Drinking up to four cups of caffeinated coffee a day is perfectly healthy, but decaffeinated coffee has many benefits. It lets coffee drinkers have a late cuppa without staring at the ceiling into the wee small hours. It is also a good bet for pregnant or breastfeeding women and people with medical conditions like insomnia or high blood pressure. The process used to decaffeinate coffee also lowers beans acidity meaning that people who find the regular stuff upsets their stomach often fare much better on decaf.
But decaffeinated coffee has an image problem. The very word ‘decaf’ is associated with flat, tasteless cups of mirky brew. Decaf’s inferiority is largely a myth that has its roots in history. Thanks to technological breakthroughs modern caffeine-free coffees can more than satisfy the sophisticated pallets of the even the most discerning drinkers.
Great beans here, all sourced from hillsides in Colombia’s coffee-belt. The beans have been decaffeinated naturally using the C02 process. The coffee is very versatile and is medium roasted with a nice mellow flavour.
Perhaps less impressive for those who like an espresso – but great for people who like the longer-style filter coffees and pour overs
How is decaf coffee made?
How is decaf coffee made?
Caffeine-free coffee has come a long way since its early days. The process of removing the magic molecule from beans was invented by German merchant Ludwig Roselius who commercialized the product under the still successful ‘cafe HAG’ brand. Early attempts at removing caffeine relied on treating the beans with solvents such as benzene. This damaged the beans and affected the quality of the coffee, making it harder to roast accurately.
Chemical solvents including ethyl acetate or methylene chloride are still used today, but a new breed of demanding coffee customer has helped drive the push towards chemical-free methods of production. Today’s more natural methods are gentler and do a much better job of preserving the flavour of coffee beans. The two most popular ‘natural’ ways of doing it are called the ‘Swiss Water Process’ and the ‘C02 Process’ (both are explained below). When choosing a decaf, look for these as chemical methods affect compounds key for the flavours and aromas of the magic bean to a much greater degree.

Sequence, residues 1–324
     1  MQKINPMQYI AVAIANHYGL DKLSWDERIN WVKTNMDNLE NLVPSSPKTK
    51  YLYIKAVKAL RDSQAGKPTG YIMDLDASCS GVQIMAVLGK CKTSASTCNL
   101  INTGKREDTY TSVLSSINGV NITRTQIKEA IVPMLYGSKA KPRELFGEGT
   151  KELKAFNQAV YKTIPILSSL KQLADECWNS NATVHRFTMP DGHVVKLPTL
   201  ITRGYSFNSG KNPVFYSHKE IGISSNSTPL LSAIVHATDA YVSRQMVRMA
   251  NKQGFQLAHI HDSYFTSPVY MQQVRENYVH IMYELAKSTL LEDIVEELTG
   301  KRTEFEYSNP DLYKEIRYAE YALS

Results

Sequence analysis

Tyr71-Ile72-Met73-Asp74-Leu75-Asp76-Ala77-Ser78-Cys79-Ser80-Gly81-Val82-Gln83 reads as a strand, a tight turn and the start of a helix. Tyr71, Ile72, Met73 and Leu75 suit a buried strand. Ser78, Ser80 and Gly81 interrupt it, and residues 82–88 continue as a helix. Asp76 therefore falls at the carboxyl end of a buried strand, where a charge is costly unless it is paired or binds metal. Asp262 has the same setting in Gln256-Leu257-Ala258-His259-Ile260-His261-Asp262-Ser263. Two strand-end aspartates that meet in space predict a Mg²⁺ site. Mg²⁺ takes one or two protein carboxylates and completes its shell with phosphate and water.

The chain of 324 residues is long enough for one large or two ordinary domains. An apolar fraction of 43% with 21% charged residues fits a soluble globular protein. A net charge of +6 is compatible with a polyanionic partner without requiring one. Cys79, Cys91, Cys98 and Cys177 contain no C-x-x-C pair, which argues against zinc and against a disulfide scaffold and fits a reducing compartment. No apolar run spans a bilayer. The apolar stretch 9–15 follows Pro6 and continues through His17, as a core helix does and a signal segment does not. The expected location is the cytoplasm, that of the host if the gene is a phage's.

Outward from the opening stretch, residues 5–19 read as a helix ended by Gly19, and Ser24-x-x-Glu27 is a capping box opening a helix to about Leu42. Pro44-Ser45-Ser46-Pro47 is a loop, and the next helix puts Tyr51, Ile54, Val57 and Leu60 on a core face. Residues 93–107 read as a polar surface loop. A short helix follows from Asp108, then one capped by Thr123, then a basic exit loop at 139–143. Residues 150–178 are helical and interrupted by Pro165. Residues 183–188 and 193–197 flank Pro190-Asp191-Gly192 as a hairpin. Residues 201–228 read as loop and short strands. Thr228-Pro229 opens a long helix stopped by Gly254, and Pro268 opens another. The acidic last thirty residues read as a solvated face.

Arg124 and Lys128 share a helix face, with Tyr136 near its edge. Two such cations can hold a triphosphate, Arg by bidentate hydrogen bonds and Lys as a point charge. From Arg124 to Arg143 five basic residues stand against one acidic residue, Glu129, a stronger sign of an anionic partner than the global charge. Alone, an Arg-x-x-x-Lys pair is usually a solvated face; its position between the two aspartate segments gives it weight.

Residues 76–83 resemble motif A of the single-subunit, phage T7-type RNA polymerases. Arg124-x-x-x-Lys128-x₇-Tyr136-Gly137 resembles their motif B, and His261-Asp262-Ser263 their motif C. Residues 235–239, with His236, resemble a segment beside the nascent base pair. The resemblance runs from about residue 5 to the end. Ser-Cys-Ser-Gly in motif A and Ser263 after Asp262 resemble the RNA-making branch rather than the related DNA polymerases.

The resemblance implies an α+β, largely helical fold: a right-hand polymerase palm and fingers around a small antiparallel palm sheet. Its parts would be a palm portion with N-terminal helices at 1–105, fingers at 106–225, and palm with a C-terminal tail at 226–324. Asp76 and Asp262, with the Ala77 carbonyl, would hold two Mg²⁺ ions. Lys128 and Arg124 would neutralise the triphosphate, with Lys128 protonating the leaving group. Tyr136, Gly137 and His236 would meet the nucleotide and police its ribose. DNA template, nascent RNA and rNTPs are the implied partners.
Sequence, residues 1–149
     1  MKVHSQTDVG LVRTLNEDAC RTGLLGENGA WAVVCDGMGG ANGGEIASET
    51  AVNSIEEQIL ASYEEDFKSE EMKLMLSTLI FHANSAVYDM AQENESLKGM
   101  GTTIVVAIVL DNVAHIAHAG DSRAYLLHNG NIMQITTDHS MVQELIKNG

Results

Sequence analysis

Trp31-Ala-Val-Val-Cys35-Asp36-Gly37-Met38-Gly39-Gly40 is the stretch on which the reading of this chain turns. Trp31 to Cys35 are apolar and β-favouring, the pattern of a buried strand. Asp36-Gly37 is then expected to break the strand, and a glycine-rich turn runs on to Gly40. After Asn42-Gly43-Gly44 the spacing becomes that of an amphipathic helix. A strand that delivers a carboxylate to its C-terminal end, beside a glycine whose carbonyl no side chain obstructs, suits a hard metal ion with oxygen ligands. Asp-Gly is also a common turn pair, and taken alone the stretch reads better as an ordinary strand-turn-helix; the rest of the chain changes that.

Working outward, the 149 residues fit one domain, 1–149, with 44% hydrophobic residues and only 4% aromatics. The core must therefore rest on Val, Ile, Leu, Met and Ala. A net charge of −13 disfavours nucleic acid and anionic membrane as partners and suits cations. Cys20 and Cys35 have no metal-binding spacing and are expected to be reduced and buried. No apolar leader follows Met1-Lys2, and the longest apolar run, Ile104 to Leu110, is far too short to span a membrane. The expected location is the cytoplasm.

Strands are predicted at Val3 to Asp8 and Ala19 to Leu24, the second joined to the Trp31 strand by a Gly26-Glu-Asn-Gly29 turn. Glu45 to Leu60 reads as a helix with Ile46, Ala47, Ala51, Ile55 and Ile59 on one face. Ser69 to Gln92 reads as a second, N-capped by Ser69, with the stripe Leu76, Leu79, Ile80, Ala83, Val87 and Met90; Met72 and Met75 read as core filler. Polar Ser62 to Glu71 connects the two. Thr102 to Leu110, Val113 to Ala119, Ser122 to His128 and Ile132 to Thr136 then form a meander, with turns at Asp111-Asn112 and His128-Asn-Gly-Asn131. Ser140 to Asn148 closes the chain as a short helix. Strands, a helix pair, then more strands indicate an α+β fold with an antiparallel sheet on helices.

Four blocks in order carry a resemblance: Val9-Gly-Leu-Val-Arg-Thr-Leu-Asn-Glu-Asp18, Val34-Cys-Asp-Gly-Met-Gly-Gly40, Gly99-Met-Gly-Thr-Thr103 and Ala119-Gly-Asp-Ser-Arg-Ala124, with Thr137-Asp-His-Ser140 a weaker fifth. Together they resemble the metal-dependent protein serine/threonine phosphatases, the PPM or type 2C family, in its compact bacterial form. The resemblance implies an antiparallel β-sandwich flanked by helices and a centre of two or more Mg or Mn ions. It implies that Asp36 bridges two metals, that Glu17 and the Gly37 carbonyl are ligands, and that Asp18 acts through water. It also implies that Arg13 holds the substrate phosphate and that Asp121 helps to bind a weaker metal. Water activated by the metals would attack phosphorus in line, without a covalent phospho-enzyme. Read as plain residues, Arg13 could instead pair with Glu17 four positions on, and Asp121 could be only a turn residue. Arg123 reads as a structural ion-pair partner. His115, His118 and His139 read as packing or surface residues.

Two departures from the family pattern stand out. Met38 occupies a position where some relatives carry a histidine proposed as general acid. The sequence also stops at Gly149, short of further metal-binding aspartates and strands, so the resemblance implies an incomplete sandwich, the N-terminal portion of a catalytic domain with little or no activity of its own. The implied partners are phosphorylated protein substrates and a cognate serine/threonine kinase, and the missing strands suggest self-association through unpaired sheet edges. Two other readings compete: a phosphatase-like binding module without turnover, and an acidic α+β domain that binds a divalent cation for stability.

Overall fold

The Swiss Water Process
This involves soaking raw beans in caffeine-free green coffee extract as a solvent. As the beans steep, their caffeine is drawn out into the liquid. The coffee is drained out and the beans are dried and bagged.
While a natural and gentle process, the same solvent is often used to treat a vast number of batches of beans, which some say flattens out the unique flavour and aromas of any individual bean.
The C02 or ‘sparkling water’ process
This involves soaking raw beans in water and in a sealed tank and pumping C02 into the beans at very high pressures. This draws out the caffeine but leaves larger molecules responsible for taste behind.
Neither method is perfect. Chemical and flavour profiles of beans are almost always affected in some way by the treatment process. However, the industry is light years ahead of where it was 30 years ago and it is possible to get some very delicious decaf coffees that are worth every penny.
Aroma : Floral
Acidity : medium
Body : Smooth silky
Flavour : tangerine and hazelnut
Altitude : Grown 1300 – 1800 metres